I’d add Lord Mountbatten to that list. I believe that he is the only non US officer to even command a NATO region i.e. the Med… OK I know he’s RN and your list was Army but he was a very highly respected commander.

From your list I think I’d go for a Bill Slim, because he was on the end of very long supply lines and at the bottom of a equally long priority list in London and still managed to turn things around. Untill very recently a very similar situation to that faced by MoD.

Cheers CR

The Artist Formerly Known As Los Pollos Chicken
The Artist Formerly Known As Los Pollos Chicken
8 months ago
Reply to  ChariotRider

Indeed I would have no qualms with LMB on his tactical abilities however the lingering question marks over his extra curricular activities does lend it to the “now then now then Goodness gracious owz about that then girls n boys” ?

However I’m with you on Bill Slim??

???????????

Expat Alien
Expat Alien
8 months ago
Reply to  ChariotRider

I think you will find that the post of CinC Allied Forces Mediterranean was always a RN Admiral based in Malta until it was disbanded in 1967(?) when NATO Left Malta. Last holder was Admiral Sir John Hamilton

julian1
julian1
8 months ago

Actually they work their way up over 30-35 years. That’s remarkable longevity for a career. They reach the pinnacle but they tend to stay there for just 2-3 years – it’s normal. Yes it is top heavy but MOD are thinning it out. They have served their country and been good public servants often having to negotiate tough political gauntlets.

Not sure why you say its S American. Do they Salsa or Tango then?

Albion
Albion
8 months ago

The current incumbent was appointed by Theresa May in preference to RM General Gordon Messenger; the latter of whom was probably too robust for her.

Bob
Bob
8 months ago
Reply to  Albion

Don’t forget thought that Carter is the only British officer to have commanded at every level on operations up to Corps. Messenger was an absolute pragmatist, Carter is a true strategic thinker – absolutely not a people person, but he has a vision that was probably what Defence needed.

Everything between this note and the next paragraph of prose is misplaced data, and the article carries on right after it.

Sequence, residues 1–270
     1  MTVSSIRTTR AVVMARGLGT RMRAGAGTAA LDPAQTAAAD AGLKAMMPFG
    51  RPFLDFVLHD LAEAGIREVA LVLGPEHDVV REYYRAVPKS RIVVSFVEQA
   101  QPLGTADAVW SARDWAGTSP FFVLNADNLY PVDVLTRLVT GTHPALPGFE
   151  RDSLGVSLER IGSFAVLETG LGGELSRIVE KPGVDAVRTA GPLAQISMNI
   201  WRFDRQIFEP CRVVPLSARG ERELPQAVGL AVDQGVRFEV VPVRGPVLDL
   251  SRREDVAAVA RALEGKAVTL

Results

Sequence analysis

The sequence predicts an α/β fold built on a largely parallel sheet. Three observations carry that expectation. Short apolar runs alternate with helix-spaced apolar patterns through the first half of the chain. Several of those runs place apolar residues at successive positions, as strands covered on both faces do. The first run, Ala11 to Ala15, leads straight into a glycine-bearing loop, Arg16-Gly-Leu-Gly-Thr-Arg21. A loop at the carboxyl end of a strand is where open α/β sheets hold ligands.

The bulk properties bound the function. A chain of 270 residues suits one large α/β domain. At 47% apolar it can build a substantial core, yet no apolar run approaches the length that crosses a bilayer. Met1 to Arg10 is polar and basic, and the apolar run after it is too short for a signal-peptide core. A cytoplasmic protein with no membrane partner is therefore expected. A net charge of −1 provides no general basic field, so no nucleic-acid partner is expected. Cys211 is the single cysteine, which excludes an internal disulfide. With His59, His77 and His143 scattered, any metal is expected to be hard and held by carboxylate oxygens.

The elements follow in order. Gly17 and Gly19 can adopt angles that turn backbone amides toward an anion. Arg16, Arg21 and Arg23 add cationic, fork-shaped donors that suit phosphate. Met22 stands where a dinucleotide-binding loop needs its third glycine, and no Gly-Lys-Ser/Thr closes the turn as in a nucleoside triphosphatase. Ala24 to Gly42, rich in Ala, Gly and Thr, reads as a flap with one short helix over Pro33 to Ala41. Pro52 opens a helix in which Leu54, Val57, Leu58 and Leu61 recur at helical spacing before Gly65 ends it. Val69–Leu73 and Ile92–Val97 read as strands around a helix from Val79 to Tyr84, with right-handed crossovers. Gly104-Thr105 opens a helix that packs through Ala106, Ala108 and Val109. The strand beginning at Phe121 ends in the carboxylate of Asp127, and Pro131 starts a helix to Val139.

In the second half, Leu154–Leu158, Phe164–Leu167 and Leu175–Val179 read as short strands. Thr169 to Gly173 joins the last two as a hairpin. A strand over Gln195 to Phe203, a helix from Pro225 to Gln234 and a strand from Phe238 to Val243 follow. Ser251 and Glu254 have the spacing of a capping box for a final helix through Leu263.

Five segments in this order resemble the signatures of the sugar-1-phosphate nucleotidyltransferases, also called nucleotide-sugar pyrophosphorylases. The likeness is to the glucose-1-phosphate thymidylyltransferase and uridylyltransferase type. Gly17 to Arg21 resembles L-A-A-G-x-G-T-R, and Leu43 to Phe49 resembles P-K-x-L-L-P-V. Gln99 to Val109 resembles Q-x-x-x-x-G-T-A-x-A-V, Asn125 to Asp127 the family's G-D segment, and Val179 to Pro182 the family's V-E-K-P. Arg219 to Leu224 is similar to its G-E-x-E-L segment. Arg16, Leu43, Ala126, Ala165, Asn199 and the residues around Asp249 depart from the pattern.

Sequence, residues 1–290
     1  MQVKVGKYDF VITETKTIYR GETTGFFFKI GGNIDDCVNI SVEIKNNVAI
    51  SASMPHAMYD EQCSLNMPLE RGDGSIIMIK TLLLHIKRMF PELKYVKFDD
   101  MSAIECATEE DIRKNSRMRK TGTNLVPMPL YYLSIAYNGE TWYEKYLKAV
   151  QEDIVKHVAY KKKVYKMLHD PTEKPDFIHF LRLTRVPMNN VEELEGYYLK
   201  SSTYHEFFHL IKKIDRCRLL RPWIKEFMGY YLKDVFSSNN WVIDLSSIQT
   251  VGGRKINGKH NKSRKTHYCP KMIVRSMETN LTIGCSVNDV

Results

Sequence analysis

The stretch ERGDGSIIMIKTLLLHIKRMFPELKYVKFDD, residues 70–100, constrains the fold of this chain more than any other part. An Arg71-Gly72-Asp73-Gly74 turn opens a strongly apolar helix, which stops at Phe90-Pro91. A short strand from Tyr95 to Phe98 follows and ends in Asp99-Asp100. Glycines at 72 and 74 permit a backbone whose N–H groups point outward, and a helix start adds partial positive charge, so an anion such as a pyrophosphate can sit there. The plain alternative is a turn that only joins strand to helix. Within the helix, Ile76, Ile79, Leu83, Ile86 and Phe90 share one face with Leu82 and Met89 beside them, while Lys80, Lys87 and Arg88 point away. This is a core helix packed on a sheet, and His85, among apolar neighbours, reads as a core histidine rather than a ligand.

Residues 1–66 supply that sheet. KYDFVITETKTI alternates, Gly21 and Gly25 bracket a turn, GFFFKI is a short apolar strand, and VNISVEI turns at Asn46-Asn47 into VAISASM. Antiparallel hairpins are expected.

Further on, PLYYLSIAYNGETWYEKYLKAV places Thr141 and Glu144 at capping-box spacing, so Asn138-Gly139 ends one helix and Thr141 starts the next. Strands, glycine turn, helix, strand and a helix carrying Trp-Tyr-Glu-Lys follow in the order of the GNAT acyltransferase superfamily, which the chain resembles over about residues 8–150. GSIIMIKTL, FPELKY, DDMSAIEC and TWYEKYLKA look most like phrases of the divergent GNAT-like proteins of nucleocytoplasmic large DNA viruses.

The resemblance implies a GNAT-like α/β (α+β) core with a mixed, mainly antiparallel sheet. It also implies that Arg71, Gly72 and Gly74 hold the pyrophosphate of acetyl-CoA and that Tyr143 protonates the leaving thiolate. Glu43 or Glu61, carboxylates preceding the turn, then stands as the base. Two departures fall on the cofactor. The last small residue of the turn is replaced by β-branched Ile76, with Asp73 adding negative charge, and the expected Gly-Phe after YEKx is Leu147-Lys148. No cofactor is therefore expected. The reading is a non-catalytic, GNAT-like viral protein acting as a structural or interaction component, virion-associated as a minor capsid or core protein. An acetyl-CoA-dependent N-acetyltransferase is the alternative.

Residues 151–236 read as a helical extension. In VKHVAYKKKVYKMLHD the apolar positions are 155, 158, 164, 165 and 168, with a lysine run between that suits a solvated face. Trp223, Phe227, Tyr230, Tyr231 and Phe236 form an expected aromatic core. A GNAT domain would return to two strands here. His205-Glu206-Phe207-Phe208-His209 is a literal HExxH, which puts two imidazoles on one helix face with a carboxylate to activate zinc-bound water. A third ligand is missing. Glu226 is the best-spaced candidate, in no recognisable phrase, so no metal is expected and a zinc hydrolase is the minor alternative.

He’s also no push-over. Even the Americans nick-named him ‘the Brain’.

ChariotRider
ChariotRider
8 months ago
Reply to  Bob

HI Bob,

You touch on an important point. Whoever get selected will need to quickly gain the respect of the American’s as they are our closest allies and it seems we are keen to work even closer than ever with them.

Cheers CR

Gavin Gordon
Gavin Gordon
8 months ago

No wonder you lost at Hastings

Airborne
Airborne
8 months ago
Reply to  Gavin Gordon

Thats what I find amusing, he claims to be a Scottish Nationalist aka Fascist, yet names himself after an 11th Century Anglo Saxon king……Quite sad and pathetic.

Daniele Mandelli
Daniele Mandelli
8 months ago

Why not Carlton Smith? I read he’s highly regarded. Perhaps he needs to sort Army out as CGS before moving up?

Daniele Mandelli
Daniele Mandelli
8 months ago

Utter cobblers.

David Barry
David Barry
8 months ago

This is the dawning of the age of aquarias, age of aquarias….

You’re all singing all, right?

Royal Navy. This is there age and with Domo out on his ear, a very good bet; the army hzve made a right hash of procurement.

Airborne
Airborne
8 months ago

Yaaaaaaaaaaaaawn, your trolling is getting weaker by the day, please put more effort into it, although we all know its a subject matter you have no knowledge or experience about. Sad as it may seem…..you trolling on a military interest site.